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Macron is stepping up its bid to save the Iran deal



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French President Emmanuel Macron has a busy agenda in Washington, but is the most pressing question on the table: his bid President Trump should not scrap the nuclear agreement with Iran

Trump scolds the pact of the Obama era on the grounds that it would do nothing to check the missile development in Iran or its destabilizing influence in the Middle East. International observers, a multitude of foreign governments, and even Trump government officials acknowledge that Iran is abiding by the agreement that grants Tehran sanctions in return for strict restrictions on its nuclear program.

For the US's Most Important European Allies, The 2015 Agreement, drawn up after months of concerted diplomacy, remains the best way to review Iran's nuclear ambitions and prevent a North Korean crisis from erupting in the Middle East. They also see their preservation as a test of transatlantic relations. This is the message that Macron will be giving before a joint session of the congress on Wednesday, and German Chancellor Angela Merkel is likely to repeat the point when she arrives in Washington later in the week.

For months, British, German and French officials have been discussing "fixing" the existing agreement with the Trump administration. At a White House press conference, Macron presented some of the key discussed measures, including proposals to tighten sanctions on the Iranian ballistic missile program and to limit the limits of its nuclear program beyond 2030. [17] On Tuesday, Trump had not followed the impression European requests. In public sessions alongside Macron, Trump denounced the existing business as "ridiculous," "horrible," and "crazy," declaring that it was built on "lazy" foundations. He threatened Iran "with a high price" if it resumed its nuclear program if the deal collapsed.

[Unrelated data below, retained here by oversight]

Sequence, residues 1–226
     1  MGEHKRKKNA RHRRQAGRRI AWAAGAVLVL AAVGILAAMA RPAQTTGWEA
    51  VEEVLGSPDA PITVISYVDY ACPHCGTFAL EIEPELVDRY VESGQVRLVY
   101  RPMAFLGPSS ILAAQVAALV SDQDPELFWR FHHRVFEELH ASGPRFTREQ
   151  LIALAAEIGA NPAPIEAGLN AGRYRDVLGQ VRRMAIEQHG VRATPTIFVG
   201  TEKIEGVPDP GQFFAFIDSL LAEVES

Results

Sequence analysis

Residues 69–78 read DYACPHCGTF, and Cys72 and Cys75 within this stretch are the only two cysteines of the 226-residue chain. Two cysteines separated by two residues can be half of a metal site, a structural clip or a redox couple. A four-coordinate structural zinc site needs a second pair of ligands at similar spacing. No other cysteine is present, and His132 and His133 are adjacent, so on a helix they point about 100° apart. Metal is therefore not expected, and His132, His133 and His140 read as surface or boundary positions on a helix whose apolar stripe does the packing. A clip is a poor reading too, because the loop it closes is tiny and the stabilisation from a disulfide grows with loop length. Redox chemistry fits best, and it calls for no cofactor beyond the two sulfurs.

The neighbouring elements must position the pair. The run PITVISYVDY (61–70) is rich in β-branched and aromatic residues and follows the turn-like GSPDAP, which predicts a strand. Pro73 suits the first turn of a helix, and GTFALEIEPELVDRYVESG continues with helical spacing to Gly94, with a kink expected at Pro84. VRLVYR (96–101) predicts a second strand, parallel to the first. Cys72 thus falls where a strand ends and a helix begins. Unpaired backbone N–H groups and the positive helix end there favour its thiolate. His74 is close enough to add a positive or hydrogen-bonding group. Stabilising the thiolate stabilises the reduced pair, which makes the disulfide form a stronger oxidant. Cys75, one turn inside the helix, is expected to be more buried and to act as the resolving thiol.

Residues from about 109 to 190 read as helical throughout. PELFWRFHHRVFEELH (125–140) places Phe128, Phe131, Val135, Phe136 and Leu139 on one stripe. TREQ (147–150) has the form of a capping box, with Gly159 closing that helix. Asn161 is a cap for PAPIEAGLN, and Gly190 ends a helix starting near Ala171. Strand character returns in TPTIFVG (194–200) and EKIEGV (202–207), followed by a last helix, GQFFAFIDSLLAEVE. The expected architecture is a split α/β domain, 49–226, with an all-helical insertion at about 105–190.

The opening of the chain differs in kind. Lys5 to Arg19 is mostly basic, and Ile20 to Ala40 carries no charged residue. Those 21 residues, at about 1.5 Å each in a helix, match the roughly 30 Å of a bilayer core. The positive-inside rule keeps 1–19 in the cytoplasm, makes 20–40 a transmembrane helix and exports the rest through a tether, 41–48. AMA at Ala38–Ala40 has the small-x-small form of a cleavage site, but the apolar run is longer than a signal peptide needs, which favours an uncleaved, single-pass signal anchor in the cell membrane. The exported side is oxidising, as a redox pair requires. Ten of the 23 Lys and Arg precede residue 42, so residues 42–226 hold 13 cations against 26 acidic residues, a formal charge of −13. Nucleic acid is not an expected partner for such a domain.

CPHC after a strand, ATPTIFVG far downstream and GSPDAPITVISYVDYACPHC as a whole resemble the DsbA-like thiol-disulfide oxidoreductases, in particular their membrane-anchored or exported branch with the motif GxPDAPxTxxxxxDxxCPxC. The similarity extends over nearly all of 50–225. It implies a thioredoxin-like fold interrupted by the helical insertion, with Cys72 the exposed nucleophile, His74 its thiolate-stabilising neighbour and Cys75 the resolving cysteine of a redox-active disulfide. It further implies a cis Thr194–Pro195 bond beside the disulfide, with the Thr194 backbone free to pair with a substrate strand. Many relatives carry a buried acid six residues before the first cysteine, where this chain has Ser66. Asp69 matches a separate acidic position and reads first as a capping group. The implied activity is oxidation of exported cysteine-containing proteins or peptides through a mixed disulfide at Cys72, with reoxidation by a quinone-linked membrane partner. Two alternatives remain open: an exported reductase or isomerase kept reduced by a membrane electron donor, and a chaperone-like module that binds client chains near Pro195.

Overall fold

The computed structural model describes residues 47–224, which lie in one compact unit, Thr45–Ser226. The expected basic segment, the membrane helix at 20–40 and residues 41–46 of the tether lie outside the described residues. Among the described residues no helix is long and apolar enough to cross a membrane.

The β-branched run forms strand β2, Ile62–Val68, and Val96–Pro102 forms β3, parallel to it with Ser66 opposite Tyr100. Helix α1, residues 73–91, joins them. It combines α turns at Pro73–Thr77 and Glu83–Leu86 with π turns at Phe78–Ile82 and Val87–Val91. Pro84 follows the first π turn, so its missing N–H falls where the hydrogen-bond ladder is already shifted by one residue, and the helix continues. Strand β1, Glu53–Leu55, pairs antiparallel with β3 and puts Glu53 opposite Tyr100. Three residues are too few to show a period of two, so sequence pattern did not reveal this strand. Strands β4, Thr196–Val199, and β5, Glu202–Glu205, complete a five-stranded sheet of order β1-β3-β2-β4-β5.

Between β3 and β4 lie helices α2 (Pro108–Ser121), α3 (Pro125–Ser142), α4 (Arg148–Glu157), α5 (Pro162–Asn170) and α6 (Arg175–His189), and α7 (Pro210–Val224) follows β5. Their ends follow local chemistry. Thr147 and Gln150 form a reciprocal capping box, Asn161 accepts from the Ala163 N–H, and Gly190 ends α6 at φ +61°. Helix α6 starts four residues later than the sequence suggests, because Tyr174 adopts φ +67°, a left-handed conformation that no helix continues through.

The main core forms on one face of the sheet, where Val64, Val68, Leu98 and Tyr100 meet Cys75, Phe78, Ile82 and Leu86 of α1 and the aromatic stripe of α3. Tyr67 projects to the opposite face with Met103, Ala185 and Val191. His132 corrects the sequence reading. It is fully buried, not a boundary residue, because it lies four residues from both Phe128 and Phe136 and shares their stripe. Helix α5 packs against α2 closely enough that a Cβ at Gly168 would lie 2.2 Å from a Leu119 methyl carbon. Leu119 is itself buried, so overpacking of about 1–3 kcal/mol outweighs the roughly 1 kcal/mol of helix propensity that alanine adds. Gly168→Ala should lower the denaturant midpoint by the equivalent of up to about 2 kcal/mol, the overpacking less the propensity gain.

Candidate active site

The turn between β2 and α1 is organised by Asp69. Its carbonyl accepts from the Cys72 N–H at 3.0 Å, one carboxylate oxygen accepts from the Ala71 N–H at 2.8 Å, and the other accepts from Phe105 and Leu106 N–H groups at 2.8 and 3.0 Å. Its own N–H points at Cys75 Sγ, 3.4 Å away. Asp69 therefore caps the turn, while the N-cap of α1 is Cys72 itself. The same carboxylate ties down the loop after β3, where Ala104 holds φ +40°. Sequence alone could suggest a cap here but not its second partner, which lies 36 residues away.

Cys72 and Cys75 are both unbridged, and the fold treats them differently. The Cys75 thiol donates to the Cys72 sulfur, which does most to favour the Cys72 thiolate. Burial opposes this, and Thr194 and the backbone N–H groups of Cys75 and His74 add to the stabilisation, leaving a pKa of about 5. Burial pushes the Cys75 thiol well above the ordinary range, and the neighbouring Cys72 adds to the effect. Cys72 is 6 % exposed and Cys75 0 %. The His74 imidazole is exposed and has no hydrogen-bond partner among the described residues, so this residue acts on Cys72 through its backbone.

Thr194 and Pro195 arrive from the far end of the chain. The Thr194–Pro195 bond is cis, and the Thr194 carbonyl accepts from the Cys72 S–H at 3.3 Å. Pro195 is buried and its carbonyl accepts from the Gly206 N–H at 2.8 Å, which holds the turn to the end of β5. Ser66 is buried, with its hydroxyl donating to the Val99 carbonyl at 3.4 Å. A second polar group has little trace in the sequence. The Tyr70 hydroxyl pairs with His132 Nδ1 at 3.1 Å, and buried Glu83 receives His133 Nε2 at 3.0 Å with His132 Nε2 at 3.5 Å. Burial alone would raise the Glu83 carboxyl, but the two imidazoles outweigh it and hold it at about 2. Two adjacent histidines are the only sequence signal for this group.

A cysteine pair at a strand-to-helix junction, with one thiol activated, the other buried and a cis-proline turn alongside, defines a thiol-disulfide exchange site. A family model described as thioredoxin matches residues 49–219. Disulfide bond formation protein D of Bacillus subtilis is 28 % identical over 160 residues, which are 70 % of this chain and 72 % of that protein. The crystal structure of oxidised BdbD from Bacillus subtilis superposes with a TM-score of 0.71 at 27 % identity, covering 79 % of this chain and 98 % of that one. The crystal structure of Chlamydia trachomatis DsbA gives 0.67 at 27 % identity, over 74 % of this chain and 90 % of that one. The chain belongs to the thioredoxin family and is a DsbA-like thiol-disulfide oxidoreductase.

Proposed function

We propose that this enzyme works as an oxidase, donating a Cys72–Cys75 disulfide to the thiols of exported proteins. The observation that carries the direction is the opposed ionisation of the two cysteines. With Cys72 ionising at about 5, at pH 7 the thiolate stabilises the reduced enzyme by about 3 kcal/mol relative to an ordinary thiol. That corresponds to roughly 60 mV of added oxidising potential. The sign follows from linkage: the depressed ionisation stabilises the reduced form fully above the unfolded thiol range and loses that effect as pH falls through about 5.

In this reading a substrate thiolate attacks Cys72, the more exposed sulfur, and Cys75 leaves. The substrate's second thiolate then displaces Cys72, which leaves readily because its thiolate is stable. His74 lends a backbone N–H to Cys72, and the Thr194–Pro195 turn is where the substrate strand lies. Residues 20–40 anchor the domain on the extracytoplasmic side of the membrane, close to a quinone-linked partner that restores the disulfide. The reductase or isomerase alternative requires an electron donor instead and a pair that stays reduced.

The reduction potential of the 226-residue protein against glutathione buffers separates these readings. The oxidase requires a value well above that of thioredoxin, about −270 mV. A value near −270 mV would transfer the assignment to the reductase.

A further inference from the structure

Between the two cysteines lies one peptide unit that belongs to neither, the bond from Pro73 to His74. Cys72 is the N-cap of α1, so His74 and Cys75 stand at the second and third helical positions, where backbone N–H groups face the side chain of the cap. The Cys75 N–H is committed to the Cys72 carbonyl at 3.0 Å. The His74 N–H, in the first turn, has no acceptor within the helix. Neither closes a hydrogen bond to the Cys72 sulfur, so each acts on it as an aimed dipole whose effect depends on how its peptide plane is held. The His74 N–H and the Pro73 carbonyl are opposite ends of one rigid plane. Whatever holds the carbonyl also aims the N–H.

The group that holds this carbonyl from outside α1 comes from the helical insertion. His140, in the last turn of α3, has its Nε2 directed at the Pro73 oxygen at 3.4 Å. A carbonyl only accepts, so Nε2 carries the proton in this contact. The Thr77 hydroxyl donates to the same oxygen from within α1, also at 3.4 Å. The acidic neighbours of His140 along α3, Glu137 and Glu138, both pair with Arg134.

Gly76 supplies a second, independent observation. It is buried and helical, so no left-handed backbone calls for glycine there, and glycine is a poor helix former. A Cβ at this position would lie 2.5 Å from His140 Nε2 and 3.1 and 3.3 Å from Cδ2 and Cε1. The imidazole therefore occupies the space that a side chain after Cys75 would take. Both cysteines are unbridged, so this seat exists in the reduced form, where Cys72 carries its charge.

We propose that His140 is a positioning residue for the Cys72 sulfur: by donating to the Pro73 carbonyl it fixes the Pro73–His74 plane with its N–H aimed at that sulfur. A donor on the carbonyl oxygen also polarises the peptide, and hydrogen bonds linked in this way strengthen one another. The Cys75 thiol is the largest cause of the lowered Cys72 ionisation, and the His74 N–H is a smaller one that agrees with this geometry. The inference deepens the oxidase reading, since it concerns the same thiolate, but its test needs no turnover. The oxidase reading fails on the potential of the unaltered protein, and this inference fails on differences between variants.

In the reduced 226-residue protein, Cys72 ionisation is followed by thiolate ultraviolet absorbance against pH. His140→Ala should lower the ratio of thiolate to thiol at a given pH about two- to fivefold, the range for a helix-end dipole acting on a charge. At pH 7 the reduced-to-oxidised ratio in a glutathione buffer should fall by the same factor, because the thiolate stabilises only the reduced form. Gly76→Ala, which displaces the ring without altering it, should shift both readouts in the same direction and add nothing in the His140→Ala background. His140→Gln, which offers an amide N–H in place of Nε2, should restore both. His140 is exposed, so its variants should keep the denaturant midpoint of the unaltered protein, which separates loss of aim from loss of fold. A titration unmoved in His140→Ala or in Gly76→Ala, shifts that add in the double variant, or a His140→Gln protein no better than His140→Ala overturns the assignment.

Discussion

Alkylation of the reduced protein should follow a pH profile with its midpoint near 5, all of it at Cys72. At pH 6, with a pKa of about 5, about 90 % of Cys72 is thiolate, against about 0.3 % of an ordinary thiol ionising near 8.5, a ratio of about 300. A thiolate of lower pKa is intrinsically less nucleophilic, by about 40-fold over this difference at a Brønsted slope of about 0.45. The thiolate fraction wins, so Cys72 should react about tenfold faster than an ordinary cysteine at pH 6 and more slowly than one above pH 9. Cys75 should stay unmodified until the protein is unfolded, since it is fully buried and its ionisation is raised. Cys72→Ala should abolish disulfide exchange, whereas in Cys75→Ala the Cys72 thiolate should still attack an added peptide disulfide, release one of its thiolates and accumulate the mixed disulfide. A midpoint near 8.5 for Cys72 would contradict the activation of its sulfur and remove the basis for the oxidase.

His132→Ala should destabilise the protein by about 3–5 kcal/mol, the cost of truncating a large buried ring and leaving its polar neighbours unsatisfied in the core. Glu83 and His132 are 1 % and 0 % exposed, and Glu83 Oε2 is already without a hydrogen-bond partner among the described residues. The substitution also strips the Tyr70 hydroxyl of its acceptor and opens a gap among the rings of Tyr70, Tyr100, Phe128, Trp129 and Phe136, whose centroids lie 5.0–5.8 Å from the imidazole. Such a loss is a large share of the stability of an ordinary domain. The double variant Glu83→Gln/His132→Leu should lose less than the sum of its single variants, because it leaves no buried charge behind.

Trump hits a few sheds of Macron's jacket during a meeting at the Oval Office on April 24th. Kevin Lamarque / Reuters)

In the run-up to Macron's visit, the consensus seemed to be the deal that was actually doomed to fail . Trump will have to decide by 12 May whether he can lift sanctions on Tehran over his nuclear program, a move that could bring down the nuclear deal. The appointment of John Bolton and Mike Pompeo, both vehement anti-Iranian hawks, as National Security Advisers and Secretary of State, indicated that a new era of confrontation was imminent.

"The decision to go is pretty much made," said a person familiar with the government's CNN mindset about Iran, which, according to the person, implicated the White House in a game of marginal note "Positioned in this way, but it retains the possibility to keep an eye on Europeans should be able to obtain concessions from Iran" Trump takes the Europeans basically as a hostage value threatens to kill the agreement, unless they pay ransom. France, Germany and Britain bravely sought a way out of Trump's crisis to meet President's demands while remaining true to their own commitments, "write Robert Malley and Colin Kahl, two former officials Obama negotiate the deal. "They do not do so because they agree that the deal needs urgent repair. Not you. Rather, they are rightly worried that Trump will make an ideologically inspired and fact-free decision to demolish them, with profound negative consequences for their national security interests.